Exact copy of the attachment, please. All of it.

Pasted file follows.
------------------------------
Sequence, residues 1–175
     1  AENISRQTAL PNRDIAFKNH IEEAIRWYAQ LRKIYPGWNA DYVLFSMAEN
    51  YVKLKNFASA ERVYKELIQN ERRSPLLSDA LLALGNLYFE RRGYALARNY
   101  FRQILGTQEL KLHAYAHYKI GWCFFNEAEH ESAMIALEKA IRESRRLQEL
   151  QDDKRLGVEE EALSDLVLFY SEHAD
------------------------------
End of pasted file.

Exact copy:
Sequence, residues 1–175
     1  AENISRQTAL PNRDIAFKNH IEEAIRWYAQ LRKIYPGWNA DYVLFSMAEN
    51  YVKLKNFASA ERVYKELIQN ERRSPLLSDA LLALGNLYFE RRGYALARNY
   101  FRQILGTQEL KLHAYAHYKI GWCFFNEAEH ESAMIALEKA IRESRRLQEL
   151  QDDKRLGVEE EALSDLVLFY SEHAD